One may accept that the intensity of change – and all that comes with it – has reintroduced many professionals as individuals with a new tenacity to remain relevant, no matter what. This has perhaps encouraged the thinking that it is no longer enough to “stay ahead of the curve”. Professionals must now create opportunities to take advantage of by defining the world as it defines them, or however it changes.


While the pandemic left even the most prepared, agile organisations scrambling for answers, it also brought about new meaning – that organisations need to take on new approaches to survive. The times certainly challenged everyone to see things through new lenses. So, as the conversation changes from ‘what now?’ to ‘what’s next?’, it may be safe to say that businesses have come to a quiet resolve to start designing resilient socio-technical systems and tools to enable them to thrive just as much as uncertainty arises. Along these lines, a fair expectation is that professionals, having learnt valuable lessons in adaptability, have determined to aggressively hone critical and time-sensitive skills, to show that maintaining relevance is just as important as their organisation’s need to lead and succeed, at every wake of change. Think about this: By mid-May, many organisations (some having downsized a portion of their workforce in preceding months) considered creating strategies for returning to the workplace. An assumption would be that some discussions underscored the need for fluidity in talent development in such a way that guarantees a seamless flow of knowledge and innovative ideas to enable organisational capability, capacity and agility. This reflection quickly returns at least three questions:


  1. What skillsets and mindsets will be needed to function, renew, and adapt right after a disruption as significant (and continuous) as the COVID-19 pandemic?
  2. How can we harmonise our talent pool and sources of capability to go beyond meeting future needs and be pre-emptive enough to challenge – or be the first to challenge – hard realities?
  3. Where do we look to for trusted access to skills and capability if the current talent is no longer able to meet new requirements of the workplace?


These questions are enough to show that there probably is no better way to operate or evolve than to develop a culture for preparing for worst-case scenarios. Talent development must take more steps to ensure that an organisation’s talent pool is not only capable of responding to more outbreaks, but can quickly capitalise on opportunities that may arise. This, in part, allows for more active participation in the scheme of how new events are shaped in a global and digitally connected world of business. One of the most viable ways to ensure that talent remains committed to actions around foresight, preparedness, and responsiveness in terms of staying ahead of the times is continuous, measurable reskilling through innovative approaches to learning and development.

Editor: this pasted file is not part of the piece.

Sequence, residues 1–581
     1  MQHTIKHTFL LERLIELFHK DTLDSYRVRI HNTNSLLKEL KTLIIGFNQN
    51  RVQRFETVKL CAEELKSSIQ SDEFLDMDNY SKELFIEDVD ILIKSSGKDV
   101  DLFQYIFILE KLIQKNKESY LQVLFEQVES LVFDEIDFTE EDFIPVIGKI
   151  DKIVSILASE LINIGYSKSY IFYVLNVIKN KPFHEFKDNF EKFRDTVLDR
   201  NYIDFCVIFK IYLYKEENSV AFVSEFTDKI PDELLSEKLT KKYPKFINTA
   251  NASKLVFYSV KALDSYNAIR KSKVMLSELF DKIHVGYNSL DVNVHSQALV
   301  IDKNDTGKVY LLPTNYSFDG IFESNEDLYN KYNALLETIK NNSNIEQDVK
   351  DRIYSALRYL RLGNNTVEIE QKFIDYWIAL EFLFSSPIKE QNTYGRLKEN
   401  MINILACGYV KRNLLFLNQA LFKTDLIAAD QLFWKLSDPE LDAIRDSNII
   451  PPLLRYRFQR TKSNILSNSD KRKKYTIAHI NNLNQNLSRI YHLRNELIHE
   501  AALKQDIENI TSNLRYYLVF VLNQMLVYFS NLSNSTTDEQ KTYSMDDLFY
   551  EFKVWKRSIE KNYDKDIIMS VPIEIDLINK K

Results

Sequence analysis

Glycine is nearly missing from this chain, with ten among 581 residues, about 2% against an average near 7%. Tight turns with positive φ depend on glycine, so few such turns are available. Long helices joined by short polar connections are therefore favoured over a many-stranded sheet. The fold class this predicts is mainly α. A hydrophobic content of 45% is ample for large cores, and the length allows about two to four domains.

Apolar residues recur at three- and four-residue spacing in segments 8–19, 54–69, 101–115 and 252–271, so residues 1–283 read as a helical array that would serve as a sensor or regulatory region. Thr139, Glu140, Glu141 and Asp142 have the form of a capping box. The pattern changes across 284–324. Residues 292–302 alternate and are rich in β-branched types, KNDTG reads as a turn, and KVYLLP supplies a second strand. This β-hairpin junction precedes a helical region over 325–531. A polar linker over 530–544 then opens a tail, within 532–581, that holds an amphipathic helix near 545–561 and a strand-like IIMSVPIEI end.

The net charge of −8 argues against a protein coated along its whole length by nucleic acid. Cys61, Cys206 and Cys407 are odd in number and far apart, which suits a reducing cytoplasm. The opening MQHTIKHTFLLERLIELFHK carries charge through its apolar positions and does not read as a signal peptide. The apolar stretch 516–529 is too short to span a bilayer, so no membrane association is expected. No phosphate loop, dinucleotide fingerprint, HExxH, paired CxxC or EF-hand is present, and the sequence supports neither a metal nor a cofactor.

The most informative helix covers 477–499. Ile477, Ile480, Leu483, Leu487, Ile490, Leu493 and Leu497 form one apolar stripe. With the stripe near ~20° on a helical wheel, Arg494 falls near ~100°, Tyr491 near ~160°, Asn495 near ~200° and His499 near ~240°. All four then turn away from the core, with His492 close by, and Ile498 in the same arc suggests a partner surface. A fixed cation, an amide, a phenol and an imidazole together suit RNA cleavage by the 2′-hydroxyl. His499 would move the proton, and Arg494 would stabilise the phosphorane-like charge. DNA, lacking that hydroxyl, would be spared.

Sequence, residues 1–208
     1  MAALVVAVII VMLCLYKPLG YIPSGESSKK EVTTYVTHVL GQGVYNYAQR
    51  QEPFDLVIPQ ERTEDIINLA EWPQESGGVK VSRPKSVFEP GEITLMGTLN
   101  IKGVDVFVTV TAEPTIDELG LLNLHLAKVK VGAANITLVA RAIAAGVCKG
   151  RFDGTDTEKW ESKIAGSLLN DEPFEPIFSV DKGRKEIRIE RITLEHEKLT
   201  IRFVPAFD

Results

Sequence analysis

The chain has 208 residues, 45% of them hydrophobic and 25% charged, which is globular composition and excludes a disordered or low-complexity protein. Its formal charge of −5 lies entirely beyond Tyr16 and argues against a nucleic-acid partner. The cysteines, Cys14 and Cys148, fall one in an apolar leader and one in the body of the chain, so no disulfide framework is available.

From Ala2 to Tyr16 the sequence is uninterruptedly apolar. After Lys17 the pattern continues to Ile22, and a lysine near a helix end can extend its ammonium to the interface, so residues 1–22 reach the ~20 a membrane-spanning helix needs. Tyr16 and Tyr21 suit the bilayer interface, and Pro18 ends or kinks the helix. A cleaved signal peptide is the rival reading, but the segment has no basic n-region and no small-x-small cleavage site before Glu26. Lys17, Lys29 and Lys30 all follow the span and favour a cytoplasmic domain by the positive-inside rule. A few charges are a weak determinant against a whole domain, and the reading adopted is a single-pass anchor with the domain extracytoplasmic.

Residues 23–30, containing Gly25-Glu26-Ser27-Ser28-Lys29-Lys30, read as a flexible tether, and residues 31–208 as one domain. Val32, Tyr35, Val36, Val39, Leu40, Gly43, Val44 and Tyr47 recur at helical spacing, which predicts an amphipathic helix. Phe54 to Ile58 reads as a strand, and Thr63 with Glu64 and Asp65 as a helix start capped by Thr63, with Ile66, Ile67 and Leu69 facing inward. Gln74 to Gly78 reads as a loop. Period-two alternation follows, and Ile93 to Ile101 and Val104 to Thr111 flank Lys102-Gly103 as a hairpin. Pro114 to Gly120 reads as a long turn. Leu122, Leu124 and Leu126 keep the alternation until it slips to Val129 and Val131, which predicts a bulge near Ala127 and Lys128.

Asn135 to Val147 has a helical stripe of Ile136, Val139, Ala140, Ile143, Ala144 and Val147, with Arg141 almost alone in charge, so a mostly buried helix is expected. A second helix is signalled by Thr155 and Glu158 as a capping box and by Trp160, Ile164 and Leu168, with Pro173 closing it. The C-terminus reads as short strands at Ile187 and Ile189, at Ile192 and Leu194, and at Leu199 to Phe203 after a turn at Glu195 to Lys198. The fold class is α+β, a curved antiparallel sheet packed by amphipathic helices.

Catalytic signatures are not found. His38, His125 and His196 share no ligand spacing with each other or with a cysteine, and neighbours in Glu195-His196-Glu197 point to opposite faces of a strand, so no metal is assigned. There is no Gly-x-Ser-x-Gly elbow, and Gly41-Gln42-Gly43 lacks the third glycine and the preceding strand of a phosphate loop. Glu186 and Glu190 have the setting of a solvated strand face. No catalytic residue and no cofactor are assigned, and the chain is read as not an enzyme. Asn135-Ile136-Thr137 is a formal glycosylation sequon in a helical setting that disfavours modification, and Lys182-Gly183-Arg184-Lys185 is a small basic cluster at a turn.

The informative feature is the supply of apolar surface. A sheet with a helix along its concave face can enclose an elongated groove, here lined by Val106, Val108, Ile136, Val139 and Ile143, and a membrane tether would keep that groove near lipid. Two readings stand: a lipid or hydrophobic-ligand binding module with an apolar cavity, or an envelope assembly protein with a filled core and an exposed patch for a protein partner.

This article presents simple perspectives into how leading organisations respond to change based on cultures of foresight and preparedness:


Skills forecasting:

Once the capabilities and knowledge for responding to disruptive times are determined, it is essential to define what roles, skills and aspects of work will change, where they become directly proportional to learning and development. For example, the move to a digital model of working, which is necessitated by remote-working or WFH, completely validates the requirement for skills development through digital learning. Artificial Intelligence (AI) embedded in digital learning systems enable a rethinking of talent management, as the latest data can be used to anticipate development needs months in advance.


Smart Responses:

As talents are matched to projects that stretch their skills, knowledge, and experience, it is important to allow thought leaders function as influencers that drive learning and innovation in an organisation. Learning and innovation should be approached and accelerated based on a mindset of agility, and the consciousness that disruption may occur twice faster than it is anticipated.



It is essential to manage and change as times change, rather than be managed by events. This encourages the fluidity of knowledge and insights across an organisation. Once quick access to critical skills is guaranteed, it is important to consider how they fit within the scope of business operations in a disruption-ready manner.


Further insights and recommendations to remaining resilient (through learning and development) are dimensioned in three buckets, namely: a strategy to implement, governance to introduce and measurements as illustrated below:



Phillips Consulting has not only responded smartly to changing times, but has helped many organisations make the needed transition to VILT (Virtual Instructor-Led Training) and digital learning as a means to evolve and adapt to the new normal. Let us help you to get started.


Written by:

Bereola Martins

Assistant Consultant

Victoria Debrah

Business Consultant